Australian couples hoping to choose the gender of their baby were just dealt a big blow

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The National Health and Medical Research Council (NHMRC) today announced that “sex-selection for non-medical purposes is not currently supported” in Australia.

In the first update to its ethical (ART) guidelines since 2007, the NMRC decided that fertility and IVF clinics must agree to not provide the service in order to be accredited.

Currently, Australia couples with non-medical reasons to ensure the gender of their next child – for example, a family with three girls wishing for a boy – have to travel overseas for the service.

The ART guidelines are based on the theory that choosing a child’s gender can harm the child’s potential future and society in general.

Dr Tereza Hendl, a bioethicist at the Centre for Values, Ethics and the Law in Medicine at the University of Sydney, says “allowing sex selection for social reasons would send out a message that it is acceptable to create children to fit preconceived binary gender roles”.

“The practice is ethically troubling because it does not take a child’s individuality into account and can limit children’s opportunities to develop freely in gender nonconforming ways.”

The decision was released after more than a year of consultation, in a 140-page report.

In its reasoning for supporting the ban, the Australian Health Ethics Committee (AHEC) said sex selection for non-medical reasons could still be accessed in two states and there was not enough evidence that the Australian population supported the practice.

Not surprisingly, IVF centres and fertility clinics have been advocating for the change for years.

Associate professor Mark Bowman is a fertility specialist and medical director of Genea, one of Australia’s largest providers of fertility services.

He said Genea “respectfully disagrees” with the decision and says informed reproductive choice is all about personal freedom.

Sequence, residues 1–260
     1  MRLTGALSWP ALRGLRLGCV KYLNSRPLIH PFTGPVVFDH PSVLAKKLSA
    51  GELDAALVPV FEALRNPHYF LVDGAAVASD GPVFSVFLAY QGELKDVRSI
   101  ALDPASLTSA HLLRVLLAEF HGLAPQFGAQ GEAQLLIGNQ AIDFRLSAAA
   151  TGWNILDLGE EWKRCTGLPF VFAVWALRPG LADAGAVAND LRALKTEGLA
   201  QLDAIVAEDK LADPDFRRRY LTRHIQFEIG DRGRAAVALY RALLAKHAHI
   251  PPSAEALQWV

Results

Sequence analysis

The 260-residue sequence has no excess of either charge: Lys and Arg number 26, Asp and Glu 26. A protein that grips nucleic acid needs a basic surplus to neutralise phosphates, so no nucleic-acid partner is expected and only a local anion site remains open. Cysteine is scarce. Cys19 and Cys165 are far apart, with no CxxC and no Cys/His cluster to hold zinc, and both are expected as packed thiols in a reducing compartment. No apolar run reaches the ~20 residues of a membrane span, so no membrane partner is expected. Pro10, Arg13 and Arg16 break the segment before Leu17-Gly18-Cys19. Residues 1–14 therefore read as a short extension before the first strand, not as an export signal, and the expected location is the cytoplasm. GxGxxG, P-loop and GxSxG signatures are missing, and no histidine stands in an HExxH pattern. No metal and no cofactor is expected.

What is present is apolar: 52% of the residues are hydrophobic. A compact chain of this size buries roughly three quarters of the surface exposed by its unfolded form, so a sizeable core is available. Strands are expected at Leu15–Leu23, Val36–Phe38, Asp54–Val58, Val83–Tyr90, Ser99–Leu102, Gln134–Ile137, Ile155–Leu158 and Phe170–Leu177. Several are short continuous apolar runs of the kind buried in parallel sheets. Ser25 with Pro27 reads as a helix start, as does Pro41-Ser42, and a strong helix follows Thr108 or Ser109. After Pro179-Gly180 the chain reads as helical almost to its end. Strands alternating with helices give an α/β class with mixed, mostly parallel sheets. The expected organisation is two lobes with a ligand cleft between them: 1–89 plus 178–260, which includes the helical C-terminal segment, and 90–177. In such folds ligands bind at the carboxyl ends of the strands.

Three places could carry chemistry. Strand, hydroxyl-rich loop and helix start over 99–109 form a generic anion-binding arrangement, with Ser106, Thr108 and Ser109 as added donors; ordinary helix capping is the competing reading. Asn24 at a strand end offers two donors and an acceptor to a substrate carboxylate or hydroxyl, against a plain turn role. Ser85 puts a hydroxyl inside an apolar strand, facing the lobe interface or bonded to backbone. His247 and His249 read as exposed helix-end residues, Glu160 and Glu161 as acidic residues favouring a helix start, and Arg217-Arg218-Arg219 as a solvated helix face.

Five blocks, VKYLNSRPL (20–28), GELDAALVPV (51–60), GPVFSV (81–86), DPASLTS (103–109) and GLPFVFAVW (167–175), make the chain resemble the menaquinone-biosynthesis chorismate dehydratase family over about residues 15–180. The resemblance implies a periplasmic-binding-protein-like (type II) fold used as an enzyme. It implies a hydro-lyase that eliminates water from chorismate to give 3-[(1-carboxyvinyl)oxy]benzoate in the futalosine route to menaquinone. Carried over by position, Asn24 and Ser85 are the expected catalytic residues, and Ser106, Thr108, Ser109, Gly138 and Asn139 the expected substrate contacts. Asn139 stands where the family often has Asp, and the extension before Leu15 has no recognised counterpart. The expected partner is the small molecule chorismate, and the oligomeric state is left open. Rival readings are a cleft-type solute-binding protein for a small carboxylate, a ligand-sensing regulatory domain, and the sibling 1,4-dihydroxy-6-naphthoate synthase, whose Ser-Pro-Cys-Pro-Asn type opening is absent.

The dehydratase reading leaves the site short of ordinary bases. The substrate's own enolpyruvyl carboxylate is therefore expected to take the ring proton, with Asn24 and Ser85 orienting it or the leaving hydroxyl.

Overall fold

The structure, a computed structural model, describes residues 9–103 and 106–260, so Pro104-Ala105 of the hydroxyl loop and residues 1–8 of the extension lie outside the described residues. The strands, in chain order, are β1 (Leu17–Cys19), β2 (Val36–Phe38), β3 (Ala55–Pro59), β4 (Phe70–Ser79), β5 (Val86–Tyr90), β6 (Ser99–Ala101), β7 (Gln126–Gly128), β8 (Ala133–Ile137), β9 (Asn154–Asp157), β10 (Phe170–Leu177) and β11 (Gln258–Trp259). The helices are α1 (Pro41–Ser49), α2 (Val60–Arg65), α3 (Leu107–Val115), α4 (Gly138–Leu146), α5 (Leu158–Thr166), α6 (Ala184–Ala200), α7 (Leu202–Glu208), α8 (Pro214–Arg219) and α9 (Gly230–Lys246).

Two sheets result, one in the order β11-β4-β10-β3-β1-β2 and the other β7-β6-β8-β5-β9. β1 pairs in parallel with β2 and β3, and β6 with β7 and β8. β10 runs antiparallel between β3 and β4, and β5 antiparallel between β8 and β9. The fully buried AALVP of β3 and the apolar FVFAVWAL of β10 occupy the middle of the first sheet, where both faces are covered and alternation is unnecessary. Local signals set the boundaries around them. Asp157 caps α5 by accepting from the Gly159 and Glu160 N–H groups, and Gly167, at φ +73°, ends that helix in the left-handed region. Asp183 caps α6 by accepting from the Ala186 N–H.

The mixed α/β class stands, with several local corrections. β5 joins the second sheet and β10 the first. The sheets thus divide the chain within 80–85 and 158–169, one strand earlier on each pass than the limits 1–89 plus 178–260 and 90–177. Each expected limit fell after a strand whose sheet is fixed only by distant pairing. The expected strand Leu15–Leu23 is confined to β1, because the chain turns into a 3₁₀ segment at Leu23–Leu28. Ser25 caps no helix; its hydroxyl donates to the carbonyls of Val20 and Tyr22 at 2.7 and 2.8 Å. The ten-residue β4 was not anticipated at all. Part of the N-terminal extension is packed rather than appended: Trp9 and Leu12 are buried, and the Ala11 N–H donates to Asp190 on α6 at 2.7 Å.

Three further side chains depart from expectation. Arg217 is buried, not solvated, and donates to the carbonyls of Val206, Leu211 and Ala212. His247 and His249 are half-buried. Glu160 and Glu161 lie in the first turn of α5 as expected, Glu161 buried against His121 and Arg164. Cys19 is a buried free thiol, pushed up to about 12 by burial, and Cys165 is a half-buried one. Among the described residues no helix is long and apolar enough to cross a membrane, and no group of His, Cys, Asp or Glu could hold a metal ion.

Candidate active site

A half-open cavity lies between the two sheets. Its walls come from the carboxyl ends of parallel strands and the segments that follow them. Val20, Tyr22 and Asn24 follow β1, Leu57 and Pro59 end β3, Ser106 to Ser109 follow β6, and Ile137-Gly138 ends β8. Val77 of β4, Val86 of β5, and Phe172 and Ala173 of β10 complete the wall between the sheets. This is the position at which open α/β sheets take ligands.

“Sex selection, particularly for the purposes of family balancing, can be consistent with the responsible exercise of reproductive choice and the formation of a family,” he said.

Compounding the issue is the fact that there are still acceptable methods of sex selection available to Australian couples, such as non-invasive prenatal testing (NIPT).

After 10 weeks of pregnancy, foetal DNA can be extracted from a mother’s blood and can be used to determine whether the child is a boy or girl. Couples have been known to terminate such late-term pregnancies if they weren’t happy with the result.

IVF and pre-implantation genetic screening can determine a baby’s gender when it is only five days old.

Professor of Reproductive Medicine at Flinders University, Kelton Tremellen, says on that harm minimisation basis alone, she was in favour of gender selection for couples with “two or more children of the same sex”, provided they funded it themselves.

The only hope couple with non-medical reasons for a preferred gender have now is in the form of a loophole which could allow it to be legislated on an individual state or territory basis.

Despite the breadth of the report, there was only a short statement addressing emerging technologies, including the use of CRISPR/Cas9 genetic editing technology and mitochondrial transfer/donation to create 3 person babies, which can prevent the transmission of genetic mitochondrial diseases.

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